October 7, 2020

Indiana Attorney General Candidates Split Over Virus Powers

Democratic attorney general candidate Jonathan Weinzapfel (left) and Republican attorney general candidate Todd Rokita (right). - AP Photos/Darron Cummings

Democratic attorney general candidate Jonathan Weinzapfel (left) and Republican attorney general candidate Todd Rokita (right).

AP Photos/Darron Cummings

INDIANAPOLIS (AP) — Indiana’s attorney general candidates are divided over how the Republican governor has used the state’s emergency powers law to impose a mask mandate and other coronavirus-related executive orders that have stirred discord among conservative voters.

But it is the Democratic candidate who fully supports Gov. Eric Holcomb’s legal authority while the Republican candidate is emphasizing what he calls the need to curb that power.

Holcomb has faced criticism from some conservatives — including the current Republican Attorney General Curtis Hill — over the 44 executive orders that he has issued since first declaring a statewide public health emergency on March 6.

Some of that pushback has focused on Holcomb’s refusal to use his exclusive power to recall legislators to the Statehouse since their regular 2020 session ended March 11 — just as COVID-19 shutdowns started spreading across the country.

Republican attorney general candidate Todd Rokita calls the coronavirus very contagious and worse than the flu, but says he wants to work with legislators to revise the state emergency law, which was largely drafted in 2003 following the 9/11 terrorist attacks. Rokita said he believed it was meant for temporary situations such as floods, tornadoes or terrorist actions, even though epidemics are included among the 29 situations specified in the law.

“I don’t see in reading it that it’s at all meant for something with the duration as long as this pandemic,” Rokita said.

Rokita is a former congressman and Indiana secretary of state. He won the Republican nomination over Hill after the state Supreme Court suspended Hill’s law license for 30 days; Hill had been accused of groping a s tate lawmaker and three other women during a party.

Holcomb dropped any possible criminal penalties from the statewide mask mandate in July after Hill argued the governor was overstepping his authority and that only the Legislature could take such a step.

Democratic attorney general nominee Jonathan Weinzapfel said he wouldn’t have undercut Holcomb’s mask order and that Rokita isn’t supporting the governor’s mandate by wanting to kick the issue to the Legislature.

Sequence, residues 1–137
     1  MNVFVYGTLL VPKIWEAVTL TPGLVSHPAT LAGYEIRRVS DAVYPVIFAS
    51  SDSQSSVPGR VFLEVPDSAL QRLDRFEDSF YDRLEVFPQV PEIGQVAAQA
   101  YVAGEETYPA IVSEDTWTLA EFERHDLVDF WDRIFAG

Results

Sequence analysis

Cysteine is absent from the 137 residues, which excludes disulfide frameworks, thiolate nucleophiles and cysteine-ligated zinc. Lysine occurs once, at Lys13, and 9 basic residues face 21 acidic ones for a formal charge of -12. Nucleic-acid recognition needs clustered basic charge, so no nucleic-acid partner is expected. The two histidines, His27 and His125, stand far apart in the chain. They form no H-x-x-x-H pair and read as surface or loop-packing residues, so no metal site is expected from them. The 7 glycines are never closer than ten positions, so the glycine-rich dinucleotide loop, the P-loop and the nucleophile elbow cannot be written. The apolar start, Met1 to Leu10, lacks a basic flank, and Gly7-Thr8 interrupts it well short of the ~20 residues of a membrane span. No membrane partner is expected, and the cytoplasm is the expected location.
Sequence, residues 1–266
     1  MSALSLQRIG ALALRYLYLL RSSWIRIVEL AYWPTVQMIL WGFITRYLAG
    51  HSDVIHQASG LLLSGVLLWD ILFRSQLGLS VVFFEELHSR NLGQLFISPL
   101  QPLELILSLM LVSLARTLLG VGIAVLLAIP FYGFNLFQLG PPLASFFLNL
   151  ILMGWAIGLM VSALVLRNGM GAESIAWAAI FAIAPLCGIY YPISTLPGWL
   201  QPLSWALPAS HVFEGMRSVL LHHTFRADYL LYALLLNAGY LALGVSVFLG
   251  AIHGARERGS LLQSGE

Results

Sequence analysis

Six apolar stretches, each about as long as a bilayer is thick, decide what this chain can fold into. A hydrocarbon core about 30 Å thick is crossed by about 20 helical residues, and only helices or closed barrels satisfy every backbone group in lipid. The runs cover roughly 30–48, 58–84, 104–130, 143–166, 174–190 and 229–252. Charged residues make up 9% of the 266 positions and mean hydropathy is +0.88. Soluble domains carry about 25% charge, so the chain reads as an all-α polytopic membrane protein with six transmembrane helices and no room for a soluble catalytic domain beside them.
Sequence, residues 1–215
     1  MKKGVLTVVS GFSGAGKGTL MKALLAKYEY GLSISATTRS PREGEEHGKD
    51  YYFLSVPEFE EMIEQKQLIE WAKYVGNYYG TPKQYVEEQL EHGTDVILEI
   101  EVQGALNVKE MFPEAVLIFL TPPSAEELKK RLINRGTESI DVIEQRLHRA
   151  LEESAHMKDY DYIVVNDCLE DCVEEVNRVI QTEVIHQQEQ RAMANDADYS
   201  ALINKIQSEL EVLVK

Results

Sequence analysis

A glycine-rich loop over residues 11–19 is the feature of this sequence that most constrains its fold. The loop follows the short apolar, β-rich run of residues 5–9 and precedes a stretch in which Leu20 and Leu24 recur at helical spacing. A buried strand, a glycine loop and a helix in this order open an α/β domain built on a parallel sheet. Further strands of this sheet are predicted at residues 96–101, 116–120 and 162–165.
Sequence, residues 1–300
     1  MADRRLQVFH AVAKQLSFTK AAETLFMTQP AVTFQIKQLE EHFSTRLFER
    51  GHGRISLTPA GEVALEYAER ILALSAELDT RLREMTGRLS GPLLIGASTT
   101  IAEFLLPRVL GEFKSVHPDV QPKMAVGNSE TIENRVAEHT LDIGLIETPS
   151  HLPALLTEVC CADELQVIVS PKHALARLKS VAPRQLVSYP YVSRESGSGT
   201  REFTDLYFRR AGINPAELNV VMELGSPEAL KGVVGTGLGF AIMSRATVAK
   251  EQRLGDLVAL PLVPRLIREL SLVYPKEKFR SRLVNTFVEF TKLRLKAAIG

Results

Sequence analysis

“He’s on the wrong side of science, the wrong side of public health,” Weinzapfel said. “He can stand with Curtis Hill. I will stand proudly, on this issue, with Governor Holcomb.”

Several members of the Republican-dominated Legislature have said they will propose limits on the governor’s emergency authority, such as capping the number of 30-day extensions he can declare without legislative consent.

Weinzapfel, a former Evansville mayor and state representative, said since Indiana’s part-time Legislature only meets a few months a year, the governor must be able to respond in emergencies.

“I would hope they will maintain that authority for the governor,” Weinzapfel said. “I’m sure there are plenty of things that could be changed to make it more reflective of what we’ve experienced over the last few months.”

The discontent over Holcomb’s coronavirus orders has some longtime Republicans saying they will vote for Libertarian gubernatorial candidate Donald Rainwater in November’s election.

Rainwater flatly opposes the mask requirement, while Holcomb's Democratic challenger, Woody Myers, a physician and former state health commissioner, has called for tougher enforcement of the mask mandate and called Holcomb’s easing of precautions in recent weeks “a huge mistake.” Indiana’s rates of COVID-19 deaths and hospitalizations have grown in the past month.

Rokita said he “absolutely” supports Holcomb’s reelection and that leaders across the country faced an unprecedented situation when the pandemic first hit the country.

“The governor was in a very difficult position and led in a way that, by in large, kept the state safe relative to other states,” Rokita said.

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